Future Orientation, Impulsivity, and Deviance: Longitudinal Relationships and Multilevel Processes
Type of Degreedissertation
Human Development and Family Studies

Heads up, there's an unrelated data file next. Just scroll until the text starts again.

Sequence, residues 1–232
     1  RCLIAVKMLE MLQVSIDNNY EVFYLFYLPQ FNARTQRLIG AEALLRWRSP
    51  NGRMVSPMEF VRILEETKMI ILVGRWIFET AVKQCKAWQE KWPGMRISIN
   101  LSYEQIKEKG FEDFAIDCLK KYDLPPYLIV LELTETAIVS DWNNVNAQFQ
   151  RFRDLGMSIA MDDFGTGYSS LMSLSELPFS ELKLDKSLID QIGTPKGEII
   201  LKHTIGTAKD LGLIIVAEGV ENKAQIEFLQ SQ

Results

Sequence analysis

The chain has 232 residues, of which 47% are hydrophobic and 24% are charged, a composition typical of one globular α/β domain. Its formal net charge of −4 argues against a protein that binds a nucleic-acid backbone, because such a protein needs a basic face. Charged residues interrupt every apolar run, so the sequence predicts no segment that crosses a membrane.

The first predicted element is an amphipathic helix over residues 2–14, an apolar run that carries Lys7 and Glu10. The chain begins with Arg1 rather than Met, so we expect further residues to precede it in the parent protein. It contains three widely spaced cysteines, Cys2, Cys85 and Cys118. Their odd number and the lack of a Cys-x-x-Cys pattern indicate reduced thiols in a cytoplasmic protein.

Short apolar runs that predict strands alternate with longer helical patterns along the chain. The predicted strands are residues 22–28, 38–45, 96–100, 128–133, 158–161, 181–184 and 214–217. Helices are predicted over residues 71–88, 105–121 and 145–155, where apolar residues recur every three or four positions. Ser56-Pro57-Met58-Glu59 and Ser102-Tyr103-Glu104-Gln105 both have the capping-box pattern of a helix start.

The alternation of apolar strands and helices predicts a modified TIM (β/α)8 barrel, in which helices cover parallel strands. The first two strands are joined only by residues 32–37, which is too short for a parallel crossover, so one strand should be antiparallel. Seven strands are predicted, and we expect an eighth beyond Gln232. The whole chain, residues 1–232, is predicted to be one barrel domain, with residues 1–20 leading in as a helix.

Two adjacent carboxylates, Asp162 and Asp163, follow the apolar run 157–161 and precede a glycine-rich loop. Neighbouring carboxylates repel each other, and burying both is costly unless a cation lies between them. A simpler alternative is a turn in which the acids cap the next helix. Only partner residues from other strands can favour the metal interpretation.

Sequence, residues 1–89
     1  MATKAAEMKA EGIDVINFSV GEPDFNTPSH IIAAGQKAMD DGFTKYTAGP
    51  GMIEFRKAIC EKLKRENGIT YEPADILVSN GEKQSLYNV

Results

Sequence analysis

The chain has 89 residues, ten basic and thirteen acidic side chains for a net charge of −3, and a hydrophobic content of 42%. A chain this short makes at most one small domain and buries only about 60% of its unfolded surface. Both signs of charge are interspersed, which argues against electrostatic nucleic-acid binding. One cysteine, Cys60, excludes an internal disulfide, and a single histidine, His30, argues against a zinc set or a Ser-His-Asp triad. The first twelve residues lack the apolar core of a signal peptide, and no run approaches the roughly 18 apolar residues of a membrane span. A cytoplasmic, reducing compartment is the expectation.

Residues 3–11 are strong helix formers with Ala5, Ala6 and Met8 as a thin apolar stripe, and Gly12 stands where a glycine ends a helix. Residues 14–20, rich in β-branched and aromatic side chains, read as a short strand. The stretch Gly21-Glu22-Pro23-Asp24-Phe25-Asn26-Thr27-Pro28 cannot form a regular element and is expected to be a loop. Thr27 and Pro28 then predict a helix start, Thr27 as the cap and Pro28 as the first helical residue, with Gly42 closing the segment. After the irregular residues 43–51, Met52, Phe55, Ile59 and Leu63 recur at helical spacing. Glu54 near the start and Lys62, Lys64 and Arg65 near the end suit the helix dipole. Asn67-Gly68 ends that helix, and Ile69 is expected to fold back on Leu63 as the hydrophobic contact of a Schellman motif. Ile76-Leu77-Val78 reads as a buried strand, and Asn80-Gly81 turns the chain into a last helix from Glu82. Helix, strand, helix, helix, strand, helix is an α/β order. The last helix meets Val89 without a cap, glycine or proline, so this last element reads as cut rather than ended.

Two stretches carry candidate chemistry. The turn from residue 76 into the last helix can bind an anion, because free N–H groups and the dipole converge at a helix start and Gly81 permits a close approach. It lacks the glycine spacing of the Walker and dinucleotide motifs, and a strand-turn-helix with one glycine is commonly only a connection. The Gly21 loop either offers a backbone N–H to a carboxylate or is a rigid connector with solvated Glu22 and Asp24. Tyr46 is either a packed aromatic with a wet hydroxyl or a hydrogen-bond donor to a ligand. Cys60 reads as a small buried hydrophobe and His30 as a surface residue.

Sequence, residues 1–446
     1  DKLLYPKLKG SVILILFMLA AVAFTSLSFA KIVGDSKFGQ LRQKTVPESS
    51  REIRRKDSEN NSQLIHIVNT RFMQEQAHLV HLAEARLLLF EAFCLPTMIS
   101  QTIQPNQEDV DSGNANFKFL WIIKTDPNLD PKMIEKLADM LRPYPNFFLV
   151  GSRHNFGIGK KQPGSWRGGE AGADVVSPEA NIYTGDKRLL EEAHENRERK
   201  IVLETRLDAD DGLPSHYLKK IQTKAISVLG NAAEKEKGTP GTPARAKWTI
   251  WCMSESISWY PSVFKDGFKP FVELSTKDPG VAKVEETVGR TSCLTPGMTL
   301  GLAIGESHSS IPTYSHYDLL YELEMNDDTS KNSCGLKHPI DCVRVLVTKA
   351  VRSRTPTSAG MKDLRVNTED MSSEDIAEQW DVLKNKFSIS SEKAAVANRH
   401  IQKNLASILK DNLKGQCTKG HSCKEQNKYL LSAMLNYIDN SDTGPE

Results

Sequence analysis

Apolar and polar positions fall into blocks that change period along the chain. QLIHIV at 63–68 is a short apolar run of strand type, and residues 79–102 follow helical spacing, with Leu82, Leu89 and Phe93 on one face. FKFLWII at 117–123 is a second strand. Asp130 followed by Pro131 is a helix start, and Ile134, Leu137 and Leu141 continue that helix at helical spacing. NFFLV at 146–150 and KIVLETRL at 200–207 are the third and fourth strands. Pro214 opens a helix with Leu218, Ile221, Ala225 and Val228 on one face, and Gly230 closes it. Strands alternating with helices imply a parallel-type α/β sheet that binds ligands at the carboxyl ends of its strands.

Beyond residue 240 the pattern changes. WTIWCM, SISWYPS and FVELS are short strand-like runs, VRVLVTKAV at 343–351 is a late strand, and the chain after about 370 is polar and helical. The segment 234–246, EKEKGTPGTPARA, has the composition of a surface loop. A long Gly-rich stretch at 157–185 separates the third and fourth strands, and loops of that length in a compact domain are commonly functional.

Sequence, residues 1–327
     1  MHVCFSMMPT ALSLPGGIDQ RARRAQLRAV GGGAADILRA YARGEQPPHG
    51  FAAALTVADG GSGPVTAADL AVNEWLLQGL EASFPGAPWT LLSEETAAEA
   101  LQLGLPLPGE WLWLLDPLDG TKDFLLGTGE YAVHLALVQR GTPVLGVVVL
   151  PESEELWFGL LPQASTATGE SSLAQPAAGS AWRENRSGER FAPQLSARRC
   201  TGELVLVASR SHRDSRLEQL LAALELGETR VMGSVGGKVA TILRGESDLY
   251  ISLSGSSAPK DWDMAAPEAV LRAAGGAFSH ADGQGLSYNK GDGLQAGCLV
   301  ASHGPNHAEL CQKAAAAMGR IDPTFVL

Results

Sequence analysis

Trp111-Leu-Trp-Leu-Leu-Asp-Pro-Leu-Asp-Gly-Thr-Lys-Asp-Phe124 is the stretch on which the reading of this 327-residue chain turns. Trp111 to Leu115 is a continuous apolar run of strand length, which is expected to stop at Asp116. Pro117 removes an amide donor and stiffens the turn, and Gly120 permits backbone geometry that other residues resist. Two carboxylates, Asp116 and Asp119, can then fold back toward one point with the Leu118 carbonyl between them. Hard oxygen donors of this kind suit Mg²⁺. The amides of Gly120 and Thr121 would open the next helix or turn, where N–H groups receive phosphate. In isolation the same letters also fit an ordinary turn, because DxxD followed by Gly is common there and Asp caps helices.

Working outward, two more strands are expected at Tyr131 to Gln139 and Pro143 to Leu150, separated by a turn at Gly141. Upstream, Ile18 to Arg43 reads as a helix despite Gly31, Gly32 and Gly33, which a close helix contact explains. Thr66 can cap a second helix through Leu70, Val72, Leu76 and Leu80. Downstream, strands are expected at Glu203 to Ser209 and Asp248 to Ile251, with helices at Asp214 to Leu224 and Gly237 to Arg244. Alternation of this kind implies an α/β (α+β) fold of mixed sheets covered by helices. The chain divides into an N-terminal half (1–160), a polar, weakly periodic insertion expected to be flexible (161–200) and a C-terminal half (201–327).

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Using a sample of over 14,000 adolescents from 145 schools of the National Longitudinal Study of Adolescent Health (Add Health), the current work tested the longitudinal relationship between future orientation and deviance while considering the impact by both impulsivity and the school context. Two interrelated and complimentary studies were conducted, each with a unique set of hypotheses. Based on hierarchical regressions, the first study tested the independent and interactive longitudinal relationships between future orientation, impulsivity, and deviance. The study also tested the effects by different domains of future orientation (education, life, and marriage) as well as developmental changes (early/middle versus late adolescence) in the links between future orientation, impulsivity, and deviance. Findings provided evidence of a negative longitudinal relationship between future orientation and deviance, net any effects by background variables and impulsivity. In addition, future orientation moderated the effect by impulsivity on deviance. Future orientation in the education and life domains had a stronger relationship with deviance than marriage future orientation, and only education future orientation moderated the link between impulsivity and deviance. Finally, no developmental differences were found in the relationships between future orientation, impulsivity, and deviance. The second study investigated the independent longitudinal effects by future orientation and school context (school size, school location, school SES, and school-level future orientation) on adolescent deviance as well as potential moderation effects by school context on the future orientation-deviance link using a multilevel modeling strategy. Again, the effects by impulsivity were considered, although in this study, the variable was conceptualized as a control variable. Individual-level future orientation had a negative relationship with deviance, net any effects by control variables or level-2 school context constructs. In addition, the study provided evidence that school size and school-level future orientation predicted individual-level deviance. Finally, school-level future orientation moderated the relationship between individual-level future orientation and deviance. In conclusion, findings from the current work not only provided novel insights about the longitudinal relationship between future orientation and deviance, but also highlighted the importance of taking impulsivity into account in future work on future orientation. In addition, the findings also provided a number of insights into the effects by the school context on deviance, and therefore the ongoing debate regarding school effects.